The following brief comment concerns the Maxwell equations (their conventional present form). Recall that they were obtained by generalization of experimental facts (phenomenologically) at low velocities (by analogy with the hydrodynamics). Therefore, it should not be expected that these equations were guessed in the final form. Maxwell's equations (or the wave equation) define the phase velocity, whereas the theory of relativity "pretends" to the maximum signal velocity (a group velocity). Actually, since some specific light is used always, the quantity must be marked off some index: instead of we can write the parametric dependence , and the wave equation will then be the equation for the Fourier-harmonics. Since modern apologists of relativism abandoned the visualization and the principal necessity of medium's models for the light propagation, the way of generalization of Maxwell's equation becomes not uniquely defined even for the "absolute emptiness" in the case of non-monochromatic light, not to mention the passage to real nonlinear madia (including properties of "intermolecular emptiness", mechanisms of absorption and the light reradiation by moleculs etc.). From pure mathematical considerations and without physical principles, such generalizations can be introduced as much as you desire, and all of them are equal in rights. The requirement that the Maxwell equations be invariant with respect to transformations of coordinates and time is rather vacillating, since if only the measured effects of these fields correspond to the values really observed in the experiment, then the fields and equations for them can be introduced in many ways. So, for instance, it was shown in [81] that there exist non-local transformations of fields which retain the Maxwell equations with invariable time. It was shown in [14] that non-linear and non-local transformations can be introduced, so that for some particular transformations of fields, the field equations are invariant with respect to the Galilean transformations.

Let us demonstrate the methodological contradiction of generally-accepted
transformations for the fields. Let there be two infinite non-charged
parallel wires. Let the electrons in both wires move in the same
direction at constant speed relative to a positively charged frame (i.e.
we have equal current densities ). Then for the classical case,
in the expression for the field the quantity
is an invariant, i.e. the field and the effect of
this field do not depend on the velocity of the system. But for the
relativistic consideration (since ) we have
, i.e. this field depends on the
speed of motion of the observer. However, the following two cases are obviously
equivalent:

(1) the system with velocity , i.e. the observer
is resting relative to the frame, and the electrons are moving at velocity
, and

(2) the system is moving at velocity , i.e. the
observer is resting relative to the electrons, and the frame (with positive
ions) is moving in the opposite direction at velocity (the same
current). But the relativistic formula gives for these cases different values of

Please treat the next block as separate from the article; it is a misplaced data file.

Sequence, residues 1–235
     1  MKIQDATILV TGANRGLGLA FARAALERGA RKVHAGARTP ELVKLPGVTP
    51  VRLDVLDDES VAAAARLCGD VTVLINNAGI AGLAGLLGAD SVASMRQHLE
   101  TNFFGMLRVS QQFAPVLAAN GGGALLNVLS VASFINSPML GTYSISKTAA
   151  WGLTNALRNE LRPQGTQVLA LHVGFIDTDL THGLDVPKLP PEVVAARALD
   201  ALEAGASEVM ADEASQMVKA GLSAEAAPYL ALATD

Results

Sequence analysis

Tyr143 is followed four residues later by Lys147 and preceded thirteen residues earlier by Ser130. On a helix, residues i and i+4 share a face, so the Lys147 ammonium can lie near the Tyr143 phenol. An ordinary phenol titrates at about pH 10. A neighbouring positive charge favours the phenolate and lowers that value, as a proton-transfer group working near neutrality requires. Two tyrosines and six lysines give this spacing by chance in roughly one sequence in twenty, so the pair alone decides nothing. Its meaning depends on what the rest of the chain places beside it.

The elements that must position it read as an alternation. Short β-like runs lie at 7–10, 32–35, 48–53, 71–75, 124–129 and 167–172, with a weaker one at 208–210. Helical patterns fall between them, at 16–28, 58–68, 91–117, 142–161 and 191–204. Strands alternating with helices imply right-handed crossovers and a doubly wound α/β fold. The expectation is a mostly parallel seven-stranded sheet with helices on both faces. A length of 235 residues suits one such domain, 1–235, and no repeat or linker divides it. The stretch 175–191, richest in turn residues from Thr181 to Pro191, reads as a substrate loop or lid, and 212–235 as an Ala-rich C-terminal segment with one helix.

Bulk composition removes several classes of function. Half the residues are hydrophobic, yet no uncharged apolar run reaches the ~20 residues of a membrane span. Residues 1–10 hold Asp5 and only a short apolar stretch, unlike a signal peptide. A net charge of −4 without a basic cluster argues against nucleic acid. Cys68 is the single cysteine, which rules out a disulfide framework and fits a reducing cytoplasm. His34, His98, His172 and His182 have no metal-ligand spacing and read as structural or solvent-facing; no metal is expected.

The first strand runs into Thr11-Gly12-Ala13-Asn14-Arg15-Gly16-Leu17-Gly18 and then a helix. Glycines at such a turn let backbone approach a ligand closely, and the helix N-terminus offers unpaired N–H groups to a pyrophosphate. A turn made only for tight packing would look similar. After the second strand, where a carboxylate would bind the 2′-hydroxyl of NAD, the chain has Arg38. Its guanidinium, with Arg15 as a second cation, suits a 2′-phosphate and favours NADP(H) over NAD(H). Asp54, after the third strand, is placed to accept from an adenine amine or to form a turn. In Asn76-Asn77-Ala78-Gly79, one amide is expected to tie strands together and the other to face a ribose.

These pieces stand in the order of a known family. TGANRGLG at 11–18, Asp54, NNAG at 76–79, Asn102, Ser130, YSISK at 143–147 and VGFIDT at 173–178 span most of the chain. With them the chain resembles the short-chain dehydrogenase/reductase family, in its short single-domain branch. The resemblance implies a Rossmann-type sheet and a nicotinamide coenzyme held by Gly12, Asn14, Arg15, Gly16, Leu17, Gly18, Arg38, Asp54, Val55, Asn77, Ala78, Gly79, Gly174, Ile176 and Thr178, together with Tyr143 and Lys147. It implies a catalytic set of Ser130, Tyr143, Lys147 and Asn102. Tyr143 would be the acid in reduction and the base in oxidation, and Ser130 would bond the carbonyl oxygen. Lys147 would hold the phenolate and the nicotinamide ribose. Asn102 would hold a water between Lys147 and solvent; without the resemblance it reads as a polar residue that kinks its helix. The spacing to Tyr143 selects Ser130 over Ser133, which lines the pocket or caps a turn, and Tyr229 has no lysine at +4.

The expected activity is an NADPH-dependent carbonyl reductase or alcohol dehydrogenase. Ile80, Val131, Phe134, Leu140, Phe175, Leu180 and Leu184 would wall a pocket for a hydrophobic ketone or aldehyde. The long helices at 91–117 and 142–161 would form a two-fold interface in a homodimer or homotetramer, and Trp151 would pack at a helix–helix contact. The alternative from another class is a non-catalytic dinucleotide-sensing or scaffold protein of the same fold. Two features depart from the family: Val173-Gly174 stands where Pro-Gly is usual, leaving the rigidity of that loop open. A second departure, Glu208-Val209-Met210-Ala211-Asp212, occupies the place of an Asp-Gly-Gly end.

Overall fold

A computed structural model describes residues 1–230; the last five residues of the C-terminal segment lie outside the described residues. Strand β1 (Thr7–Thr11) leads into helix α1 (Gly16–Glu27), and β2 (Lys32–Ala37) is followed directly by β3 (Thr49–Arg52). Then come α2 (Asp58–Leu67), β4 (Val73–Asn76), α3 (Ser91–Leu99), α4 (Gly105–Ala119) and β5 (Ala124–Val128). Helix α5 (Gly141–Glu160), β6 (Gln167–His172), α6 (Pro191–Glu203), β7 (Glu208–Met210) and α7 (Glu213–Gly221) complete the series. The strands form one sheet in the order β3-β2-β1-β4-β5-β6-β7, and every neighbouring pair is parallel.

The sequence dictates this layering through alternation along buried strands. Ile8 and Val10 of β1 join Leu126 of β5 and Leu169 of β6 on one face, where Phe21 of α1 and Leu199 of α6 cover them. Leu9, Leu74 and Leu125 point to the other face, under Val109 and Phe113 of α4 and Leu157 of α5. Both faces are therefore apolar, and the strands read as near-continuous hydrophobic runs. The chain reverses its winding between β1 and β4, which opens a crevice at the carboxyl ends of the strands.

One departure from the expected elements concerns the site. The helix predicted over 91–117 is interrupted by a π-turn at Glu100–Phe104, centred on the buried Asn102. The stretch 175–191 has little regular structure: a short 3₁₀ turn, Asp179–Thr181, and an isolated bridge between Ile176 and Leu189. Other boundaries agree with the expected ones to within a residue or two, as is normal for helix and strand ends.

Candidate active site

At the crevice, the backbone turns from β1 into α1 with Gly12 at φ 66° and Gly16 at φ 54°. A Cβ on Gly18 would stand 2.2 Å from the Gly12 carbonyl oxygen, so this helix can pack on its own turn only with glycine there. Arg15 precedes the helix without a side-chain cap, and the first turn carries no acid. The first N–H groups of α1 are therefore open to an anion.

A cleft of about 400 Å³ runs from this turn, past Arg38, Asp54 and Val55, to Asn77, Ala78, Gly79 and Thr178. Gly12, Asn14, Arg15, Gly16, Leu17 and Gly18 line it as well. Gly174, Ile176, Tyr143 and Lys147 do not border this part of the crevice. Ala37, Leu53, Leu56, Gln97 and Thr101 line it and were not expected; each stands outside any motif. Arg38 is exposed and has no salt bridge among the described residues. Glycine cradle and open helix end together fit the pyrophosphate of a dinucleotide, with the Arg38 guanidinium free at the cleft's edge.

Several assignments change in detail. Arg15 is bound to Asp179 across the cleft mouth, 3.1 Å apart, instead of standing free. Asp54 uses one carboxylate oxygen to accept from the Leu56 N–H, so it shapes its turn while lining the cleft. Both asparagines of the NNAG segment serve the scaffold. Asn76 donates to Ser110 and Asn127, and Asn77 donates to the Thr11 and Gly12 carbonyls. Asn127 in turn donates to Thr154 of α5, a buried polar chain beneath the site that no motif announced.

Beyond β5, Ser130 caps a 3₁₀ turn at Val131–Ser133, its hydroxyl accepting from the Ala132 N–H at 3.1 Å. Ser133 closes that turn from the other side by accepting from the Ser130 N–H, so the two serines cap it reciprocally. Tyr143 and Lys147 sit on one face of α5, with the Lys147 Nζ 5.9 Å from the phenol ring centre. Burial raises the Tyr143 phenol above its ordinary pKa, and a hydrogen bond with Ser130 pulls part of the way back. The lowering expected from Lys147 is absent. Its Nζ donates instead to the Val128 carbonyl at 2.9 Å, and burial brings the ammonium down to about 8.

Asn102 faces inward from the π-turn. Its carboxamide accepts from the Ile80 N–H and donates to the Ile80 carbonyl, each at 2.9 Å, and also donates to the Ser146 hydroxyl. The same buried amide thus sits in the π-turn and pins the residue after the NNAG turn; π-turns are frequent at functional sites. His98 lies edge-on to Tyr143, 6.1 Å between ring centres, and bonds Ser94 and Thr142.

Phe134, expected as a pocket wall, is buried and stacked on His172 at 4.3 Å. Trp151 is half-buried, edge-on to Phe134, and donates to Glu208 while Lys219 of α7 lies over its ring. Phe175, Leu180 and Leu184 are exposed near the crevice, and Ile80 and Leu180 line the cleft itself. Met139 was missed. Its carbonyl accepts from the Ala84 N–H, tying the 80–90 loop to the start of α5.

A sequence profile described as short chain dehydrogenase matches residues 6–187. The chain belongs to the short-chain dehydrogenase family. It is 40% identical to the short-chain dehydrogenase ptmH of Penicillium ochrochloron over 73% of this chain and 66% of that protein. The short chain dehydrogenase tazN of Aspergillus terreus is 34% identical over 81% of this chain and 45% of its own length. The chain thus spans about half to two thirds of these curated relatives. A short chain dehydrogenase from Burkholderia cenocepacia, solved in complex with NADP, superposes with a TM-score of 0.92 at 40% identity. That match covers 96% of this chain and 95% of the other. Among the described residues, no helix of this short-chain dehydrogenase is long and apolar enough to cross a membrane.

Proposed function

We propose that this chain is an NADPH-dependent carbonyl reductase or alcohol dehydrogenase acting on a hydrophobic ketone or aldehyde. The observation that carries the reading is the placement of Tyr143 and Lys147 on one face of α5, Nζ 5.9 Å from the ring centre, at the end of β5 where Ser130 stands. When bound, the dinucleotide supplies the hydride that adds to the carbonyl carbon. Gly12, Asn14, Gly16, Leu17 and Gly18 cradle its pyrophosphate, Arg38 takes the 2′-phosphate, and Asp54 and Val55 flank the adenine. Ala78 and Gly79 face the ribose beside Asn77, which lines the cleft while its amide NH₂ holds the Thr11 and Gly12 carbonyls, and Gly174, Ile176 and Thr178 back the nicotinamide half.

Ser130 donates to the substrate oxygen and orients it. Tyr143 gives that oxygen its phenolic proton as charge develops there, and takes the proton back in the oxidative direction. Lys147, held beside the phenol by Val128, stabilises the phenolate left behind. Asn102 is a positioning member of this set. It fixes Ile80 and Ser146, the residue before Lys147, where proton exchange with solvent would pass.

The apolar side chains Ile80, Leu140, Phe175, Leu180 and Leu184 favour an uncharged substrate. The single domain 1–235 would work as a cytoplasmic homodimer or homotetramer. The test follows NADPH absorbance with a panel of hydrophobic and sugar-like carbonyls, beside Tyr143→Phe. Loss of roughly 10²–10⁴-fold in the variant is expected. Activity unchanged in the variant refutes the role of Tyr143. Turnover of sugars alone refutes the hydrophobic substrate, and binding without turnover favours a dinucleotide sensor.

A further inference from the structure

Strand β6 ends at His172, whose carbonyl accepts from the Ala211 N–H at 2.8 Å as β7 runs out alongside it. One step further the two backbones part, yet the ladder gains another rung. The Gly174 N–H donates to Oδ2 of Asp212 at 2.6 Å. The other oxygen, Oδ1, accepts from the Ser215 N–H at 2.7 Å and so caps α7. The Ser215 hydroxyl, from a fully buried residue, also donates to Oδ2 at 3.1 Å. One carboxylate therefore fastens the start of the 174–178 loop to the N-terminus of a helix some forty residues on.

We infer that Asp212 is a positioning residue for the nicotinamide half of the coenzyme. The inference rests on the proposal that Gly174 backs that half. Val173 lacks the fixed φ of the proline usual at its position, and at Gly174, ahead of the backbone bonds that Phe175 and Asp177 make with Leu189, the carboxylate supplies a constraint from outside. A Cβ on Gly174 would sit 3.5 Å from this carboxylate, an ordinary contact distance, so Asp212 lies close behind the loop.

(and effects of fields), which is absurd. Besides, the SRT
description of transitions from an inertial system to another ones becomes
fully inconsistent for the three-dimensional case with non-neutral currents
(with beams of charged particles, for example).

Now we shall analyze the "principal" question on the invariance of the Maxwell equations, which is widely advertised in SRT. The invariance of the Maxwell equations with respect to the Lorentz transformations implies nothing for the other phenomena. First, the Maxwell equations are the equations for fields in the empty space. In such a space we can cut off a half of a segment and increase it as much as twice - then we obtain the same segment. Therefore, in the empty mathematical space one can make use of any frames of references, of self-consistent geometries and conversion factors. All these operations can be determined by the convenience of mathematical description only. However, we can not simply cut-through a living organism and increase it twice under a microscope - the organism will be dead. The presence of real physical bodies and fields in the space specifies natural reference points ("bench-marks"), characteristic scales and interrelations between the objects. All this determines the distinctions of a real physical space from the empty mathematical space. Second, the property of some interactions to propagate in vacuum at the speed of light does not determine the rate of interactions' propagation in a medium. In spite of a drastic role of electromagnetic interactions, the disturbances in media propagate at the speed of sound. From one vacuum-related constant it is impossible to determine (for our "electromagnetic" world) the speeds of sound and light in gases, liquids and solid bodies. It is not clear, how the anisotropy of real solid bodies could arise in the isotropic space. All these and many other properties escape the limits of applicability of the Maxwell equations in the emptiness (the SRT, contrary, prescribes "cloning properties of emptiness" on all properties of material bodies and mediums). Therefore, the fitting of the properties of the entire world under the invariance of the Maxwell equations in the emptiness is too excessive claim of SRT. Third, the partition of a single (in its effect) field into electrical and magnetic parts is rather conventional and, to a considerable extent, arbitrary. Hence, the invariance of these, artificially singled out parts can not have crucial significance. The presence of coefficients (which depend on coordinates, time, properties of light, etc.) for the Maxwell equations in a medium makes these equations non-invariant relative to the Lorentz transformations (or is it necessary to cancel the objectivity of characteristics of media again?).